We’ve featured Game Boy synths before here at Hackaday, but usually they have been of the more conventional variety.
Continue reading “The Game Boy As A Midi Synthesiser”
[Robson Couto] started to get interested in musical projects and as a side effect created downloadable code with simple notation for a good variety of themes, songs, and melodies. They are all for the Arduino and use only the built-in
tone() function, but don’t let that distract you. If you look past that, you’ll see that each sketch is a melody that consists of single notes and durations; easily adapted to other purposes or simply used as-is. After all, [Robson] wanted the source of each tune to be easily understood, easily modified, and to have no external dependencies.
All that may sound a bit like MIDI, but MIDI has much more in common with hardware events than music notation because it includes (among other things) note starts and note ends as separate elements. Converting MIDI into a more usable format was a big part of a project that fed Bach music to a neural network and got surprisingly good results.
When doing music projects, sometimes having a recognizable melody represented very simply as notes and durations with only one note at a time can be an awfully handy resource, and you can find them on GitHub. There’s a brief video of the Tetris theme (actual name: Korobeiniki) being played after the break.
Continue reading “Need Hackable Melodies? Here’s The TETRIS Theme And More”
Back in the ’80s, home computers weren’t capable of much in terms of audio or multimedia as a whole. Arguably, it wasn’t until the advent of 16-bit computers such as the Amiga that musicians could make soundtrack-quality music without having to plug actual studio gear up to their machines. [Michael Wessel] is trying to bring some of that and many more features to the Amstrad CPC with his ambitious LambdaSpeak 3 project, an expansion card built completely up from scratch and jam-packed with features.
First, and likely giving it its name, is the speech synthesizer. [Michael] has made an emulation mode where his card can act just like the original SSA-1 expansion, being able to be controlled by the same software as back then. By default, the card offers this mode with an Epson S1V30120 daughterboard (which is based on DECTalk synthesis), however for further authenticity you also have the option of fitting it with an SP0256-AL2 chip, the same one used in the original Amstrad hardware in 1985.
As for the more musical part of the project, the board supports 4-channel PCM playback, much like the Amiga’s sound offering. This can be used for a drum machine sequencer program, and it has an Amdrum mode, emulating another expansion from the original Amstrad days. Sample playback can also be used alongside the speech synthesis as shown here, with random allophone beats that wouldn’t sound out of place in a Kraftwerk recording. Finally, by using the UART interface included on the LambdaSpeak, you can also turn the CPC itself into a synth by giving it MIDI in/out and interfacing a controller in real time with the computer’s AY-3-8912 sound chip.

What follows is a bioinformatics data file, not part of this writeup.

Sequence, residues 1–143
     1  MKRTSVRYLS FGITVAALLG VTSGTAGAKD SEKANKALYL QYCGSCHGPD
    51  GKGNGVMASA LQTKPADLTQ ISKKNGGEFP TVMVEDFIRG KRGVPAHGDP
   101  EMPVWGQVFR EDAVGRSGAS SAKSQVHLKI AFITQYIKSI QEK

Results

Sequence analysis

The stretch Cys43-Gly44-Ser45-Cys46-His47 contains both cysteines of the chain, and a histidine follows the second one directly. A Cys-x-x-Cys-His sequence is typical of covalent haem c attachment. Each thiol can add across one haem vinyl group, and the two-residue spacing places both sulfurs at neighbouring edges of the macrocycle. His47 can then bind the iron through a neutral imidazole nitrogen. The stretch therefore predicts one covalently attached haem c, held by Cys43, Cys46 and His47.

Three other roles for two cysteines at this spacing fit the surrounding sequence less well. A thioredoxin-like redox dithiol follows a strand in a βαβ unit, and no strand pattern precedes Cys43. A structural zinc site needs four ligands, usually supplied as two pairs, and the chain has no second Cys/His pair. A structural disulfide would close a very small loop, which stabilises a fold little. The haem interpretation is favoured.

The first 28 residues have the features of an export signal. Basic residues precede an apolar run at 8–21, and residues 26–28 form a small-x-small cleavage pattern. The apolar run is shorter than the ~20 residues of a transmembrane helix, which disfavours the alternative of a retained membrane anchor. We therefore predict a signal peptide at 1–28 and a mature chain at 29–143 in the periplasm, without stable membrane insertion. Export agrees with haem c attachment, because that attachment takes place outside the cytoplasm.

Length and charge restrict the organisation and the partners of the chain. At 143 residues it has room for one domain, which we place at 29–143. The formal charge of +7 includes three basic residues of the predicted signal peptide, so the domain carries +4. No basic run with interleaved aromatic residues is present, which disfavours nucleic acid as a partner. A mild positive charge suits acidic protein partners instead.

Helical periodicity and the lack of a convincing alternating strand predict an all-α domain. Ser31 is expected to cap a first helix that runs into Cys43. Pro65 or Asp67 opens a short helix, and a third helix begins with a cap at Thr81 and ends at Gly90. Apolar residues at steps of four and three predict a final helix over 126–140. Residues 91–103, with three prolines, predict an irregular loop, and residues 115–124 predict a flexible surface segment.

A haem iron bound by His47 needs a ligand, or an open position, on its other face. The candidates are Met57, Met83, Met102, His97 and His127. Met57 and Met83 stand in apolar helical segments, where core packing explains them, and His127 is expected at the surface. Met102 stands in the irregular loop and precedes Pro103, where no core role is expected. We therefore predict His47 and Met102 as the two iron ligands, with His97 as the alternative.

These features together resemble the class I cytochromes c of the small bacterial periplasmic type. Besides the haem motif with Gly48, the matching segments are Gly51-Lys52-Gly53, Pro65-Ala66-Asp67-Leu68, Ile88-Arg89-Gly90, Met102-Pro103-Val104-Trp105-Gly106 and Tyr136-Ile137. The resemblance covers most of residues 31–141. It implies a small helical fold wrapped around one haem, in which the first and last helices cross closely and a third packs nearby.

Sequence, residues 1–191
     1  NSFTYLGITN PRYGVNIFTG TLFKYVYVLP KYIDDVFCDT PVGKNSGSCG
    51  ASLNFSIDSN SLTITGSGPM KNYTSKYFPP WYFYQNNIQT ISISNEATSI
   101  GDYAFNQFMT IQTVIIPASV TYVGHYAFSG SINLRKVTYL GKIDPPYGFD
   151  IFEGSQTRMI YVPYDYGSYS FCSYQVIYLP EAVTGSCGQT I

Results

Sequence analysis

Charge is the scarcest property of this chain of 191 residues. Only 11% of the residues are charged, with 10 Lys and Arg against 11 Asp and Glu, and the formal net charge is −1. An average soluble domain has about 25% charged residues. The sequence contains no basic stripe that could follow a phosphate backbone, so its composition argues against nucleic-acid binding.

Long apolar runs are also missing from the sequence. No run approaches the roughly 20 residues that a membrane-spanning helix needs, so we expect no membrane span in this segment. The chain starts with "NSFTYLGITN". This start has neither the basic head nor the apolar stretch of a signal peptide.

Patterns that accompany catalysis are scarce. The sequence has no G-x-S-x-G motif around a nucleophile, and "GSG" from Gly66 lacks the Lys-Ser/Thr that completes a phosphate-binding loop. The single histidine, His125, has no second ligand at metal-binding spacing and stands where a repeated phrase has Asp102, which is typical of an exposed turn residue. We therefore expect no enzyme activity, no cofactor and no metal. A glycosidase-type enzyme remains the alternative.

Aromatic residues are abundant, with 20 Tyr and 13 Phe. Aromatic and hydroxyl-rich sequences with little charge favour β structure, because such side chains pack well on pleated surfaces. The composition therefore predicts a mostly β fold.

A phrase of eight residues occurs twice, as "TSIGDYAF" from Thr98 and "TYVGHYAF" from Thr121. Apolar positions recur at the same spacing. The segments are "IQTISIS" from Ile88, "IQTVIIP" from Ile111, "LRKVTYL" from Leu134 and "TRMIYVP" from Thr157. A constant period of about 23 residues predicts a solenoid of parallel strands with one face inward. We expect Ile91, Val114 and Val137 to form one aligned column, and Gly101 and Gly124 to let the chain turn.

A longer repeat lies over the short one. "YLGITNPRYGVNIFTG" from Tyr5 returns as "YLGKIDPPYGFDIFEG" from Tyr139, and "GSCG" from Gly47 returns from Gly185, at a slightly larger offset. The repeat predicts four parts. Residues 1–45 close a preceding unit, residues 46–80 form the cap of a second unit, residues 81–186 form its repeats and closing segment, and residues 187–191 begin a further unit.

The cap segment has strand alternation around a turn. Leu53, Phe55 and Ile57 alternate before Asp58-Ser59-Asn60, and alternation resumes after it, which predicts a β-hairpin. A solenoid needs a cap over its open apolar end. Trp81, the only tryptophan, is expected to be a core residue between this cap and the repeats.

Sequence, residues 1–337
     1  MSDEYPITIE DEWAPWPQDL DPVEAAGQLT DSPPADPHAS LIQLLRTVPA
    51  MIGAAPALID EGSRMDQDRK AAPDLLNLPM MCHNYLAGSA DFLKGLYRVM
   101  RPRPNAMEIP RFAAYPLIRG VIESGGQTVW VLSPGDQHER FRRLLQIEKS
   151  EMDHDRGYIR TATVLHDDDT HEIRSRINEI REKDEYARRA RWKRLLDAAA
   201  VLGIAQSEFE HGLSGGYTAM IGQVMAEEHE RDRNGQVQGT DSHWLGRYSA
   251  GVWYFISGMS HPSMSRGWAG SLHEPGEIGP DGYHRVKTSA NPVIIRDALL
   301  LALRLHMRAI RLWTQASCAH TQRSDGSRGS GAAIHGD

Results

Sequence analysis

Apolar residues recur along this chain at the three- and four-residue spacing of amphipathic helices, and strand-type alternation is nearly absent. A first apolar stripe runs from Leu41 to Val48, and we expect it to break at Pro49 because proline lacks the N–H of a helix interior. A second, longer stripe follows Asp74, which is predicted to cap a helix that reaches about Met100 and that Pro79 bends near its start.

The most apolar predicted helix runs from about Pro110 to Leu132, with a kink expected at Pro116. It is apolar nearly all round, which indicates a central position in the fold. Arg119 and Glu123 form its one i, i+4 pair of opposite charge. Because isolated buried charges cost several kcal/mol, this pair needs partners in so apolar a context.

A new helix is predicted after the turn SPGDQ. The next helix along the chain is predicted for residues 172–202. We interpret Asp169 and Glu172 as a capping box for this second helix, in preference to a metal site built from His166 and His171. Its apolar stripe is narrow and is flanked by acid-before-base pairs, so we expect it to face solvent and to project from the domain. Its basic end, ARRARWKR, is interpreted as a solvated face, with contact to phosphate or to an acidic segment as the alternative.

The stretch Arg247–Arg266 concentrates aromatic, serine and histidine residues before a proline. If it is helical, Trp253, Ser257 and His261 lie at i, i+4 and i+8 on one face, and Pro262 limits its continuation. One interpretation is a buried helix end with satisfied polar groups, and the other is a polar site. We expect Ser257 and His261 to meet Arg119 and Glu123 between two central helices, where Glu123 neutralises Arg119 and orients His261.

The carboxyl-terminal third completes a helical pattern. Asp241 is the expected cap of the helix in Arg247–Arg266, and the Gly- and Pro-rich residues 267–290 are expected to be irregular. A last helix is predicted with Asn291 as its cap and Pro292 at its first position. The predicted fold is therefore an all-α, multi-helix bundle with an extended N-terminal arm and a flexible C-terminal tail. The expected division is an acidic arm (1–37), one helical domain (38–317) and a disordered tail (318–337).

If you like modern expansions giving old computers new life, did you know that you can get just about any retro computer online, perhaps a TRS-80, an Amiga and even a Psion Organizer? And if you’re interested in just using old systems’ sound chips with modern USB MIDI controllers, it’s easy to make a microcontroller do all the heavy lifting.
Continue reading “Giving The Amstrad CPC A Voice And A Drum Kit”
There are many venerable soundchips in the chiptune pantheon, of which the AY-3-8910 is perhaps one of the lesser known. Having not served on active duty for Nintendo or Commodore it’s somewhat unloved in the USA, but it made its name in a variety of arcade and pinball machines and has quite a European following due to its appearance in machines bearing the Amstrad and Sinclair names. [TheSpodShed] decided to whip up a USB MIDI interface for the chip, with the help of the Arduino Pro Micro.
The Arduino Pro Micro is a Sparkfun creation, using the ATmega32U4 microcontroller. Its USB MIDI functionality makes it a perfect candidate for such a build, and it also packs enough digital IO to run the AY-3-8910, with 13 lines required to get things going. [TheSpodShed] whipped up the project on protoboard, with only a few passives needed along with the sound chip and Arduino.
The Arduino code was written with an eye to making the most of the chip’s limited polyphony. The synth prioritises the most recent received notes, while also aiming to keep the highest and lowest of the currently requested notes still playing where possible. This gives the synth the best chance of keeping the expected bass and melody intact when playing a wide variety of MIDI content.
It’s a tidy build, and one that shows some love for a soundchip some have forgotten. Of course, it’s not the only option – we’ve also seen the SAM2695 and YM2612 given the same treatment. Video after the break.
Continue reading “Chiptunes Via USB MIDI With The AY-3-8910”